The Pentagon is reviewing its policy toward social networking sites amid security concerns. The order comes a day after the U.S. Marine Corps issued a ban on the use of Facebook, Twitter and MySpace.
The Pentagon is reviewing
its policies toward social networking sites amid network security and other
officials have ordered a review of the threats and benefits of using Web
2.0 sites such as Facebook and others. The review is slated to be completed by
the end of September.
News of the review follows
issued Aug. 3
banning the U.S. Marine Corps from accessing social
networking sites such as Facebook and Twitter from the Marine Corps
Enterprise Network (MCEN). The order does not disallow Marines from using
the networks on their personal computers outside of work.
sites] in general are a proven haven for malicious actors and content and are
particularly high risk due to information exposure, user generated content and
targeting by adversaries," the order reads. "The very nature of
[social networking sites] creates a
larger attack and exploitation window, exposes unnecessary information to
adversaries and provides an easy conduit for information leakage that puts
OPSEC, COMSEC, personnel and MCEN at an elevated risk of compromise."
In the past, the military
has not been totally averse to social networking. The U.S. Marine Corps order,
for example, stands in contrast to the U.S. Army's decision
earlier this year
to permit personnel to access certain social networks
from domestic campus area networks. The Army gave the thumbs-up to Facebook, Twitter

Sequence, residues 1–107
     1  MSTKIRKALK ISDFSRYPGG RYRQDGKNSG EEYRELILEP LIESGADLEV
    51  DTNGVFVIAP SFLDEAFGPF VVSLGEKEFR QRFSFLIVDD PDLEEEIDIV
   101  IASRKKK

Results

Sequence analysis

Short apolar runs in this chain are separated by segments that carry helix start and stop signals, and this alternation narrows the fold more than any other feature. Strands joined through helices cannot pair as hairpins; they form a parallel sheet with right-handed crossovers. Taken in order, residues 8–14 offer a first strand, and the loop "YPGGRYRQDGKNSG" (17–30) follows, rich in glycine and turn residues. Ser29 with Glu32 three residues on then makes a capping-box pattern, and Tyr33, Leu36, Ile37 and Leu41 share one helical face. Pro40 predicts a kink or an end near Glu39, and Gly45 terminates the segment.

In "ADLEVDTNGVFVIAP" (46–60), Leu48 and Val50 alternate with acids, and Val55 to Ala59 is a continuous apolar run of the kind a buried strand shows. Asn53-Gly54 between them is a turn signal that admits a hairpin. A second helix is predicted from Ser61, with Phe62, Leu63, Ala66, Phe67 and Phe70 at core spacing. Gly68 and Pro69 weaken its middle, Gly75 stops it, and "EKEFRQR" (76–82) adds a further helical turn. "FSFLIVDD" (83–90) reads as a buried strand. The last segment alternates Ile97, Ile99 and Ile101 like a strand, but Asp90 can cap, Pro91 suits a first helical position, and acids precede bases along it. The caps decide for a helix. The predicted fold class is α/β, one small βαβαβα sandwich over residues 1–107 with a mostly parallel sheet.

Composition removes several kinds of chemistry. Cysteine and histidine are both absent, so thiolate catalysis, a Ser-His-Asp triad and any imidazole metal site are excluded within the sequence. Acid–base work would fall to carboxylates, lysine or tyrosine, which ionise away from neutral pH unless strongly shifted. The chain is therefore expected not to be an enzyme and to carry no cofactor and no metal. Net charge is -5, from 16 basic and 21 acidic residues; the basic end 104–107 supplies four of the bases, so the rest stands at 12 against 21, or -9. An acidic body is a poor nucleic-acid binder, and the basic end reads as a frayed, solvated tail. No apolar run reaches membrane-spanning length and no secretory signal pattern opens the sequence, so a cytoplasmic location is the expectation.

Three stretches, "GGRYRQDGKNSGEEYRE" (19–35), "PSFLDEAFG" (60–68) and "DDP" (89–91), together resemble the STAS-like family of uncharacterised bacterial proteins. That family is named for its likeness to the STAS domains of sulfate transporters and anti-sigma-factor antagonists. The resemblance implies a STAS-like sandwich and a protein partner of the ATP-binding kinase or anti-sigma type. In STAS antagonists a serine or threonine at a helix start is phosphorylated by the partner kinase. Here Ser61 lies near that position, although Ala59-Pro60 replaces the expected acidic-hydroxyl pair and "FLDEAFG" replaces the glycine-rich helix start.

and Flickr, but disallowed other Web 2.0 sites like MySpace and YouTube.
Part of the issue seems to
be concerns over data leaks. Enterprises
these same concerns as well. However, opinion about how businesses
should approach social networks is divided. Some experts say the best approach
is to focus on enabling secure use of the sites through corporate policy and
educating users on what not to do. Otherwise, employees may be tempted to
access the sites via Web proxies.
Still, malware authors are
increasingly turning to social networking sites to spread their wares. Earlier
this year, an analysis by Kaspersky Lab revealed that social
networks are 10 times
more effective as avenues of malware distribution
In general, social
networks should be treated with caution, Derek Mankey, project manager of
cyber-security and threat research at Fortinet, told eWEEK.
"Social networking is
quickly driving the next generation of threats, as these platforms have become
widely adopted, which means large user bases and huge traffic," he said. "Any time
you have these factors, combined with a growing platform that is increasingly
becoming more complex, it will inherently open security holes."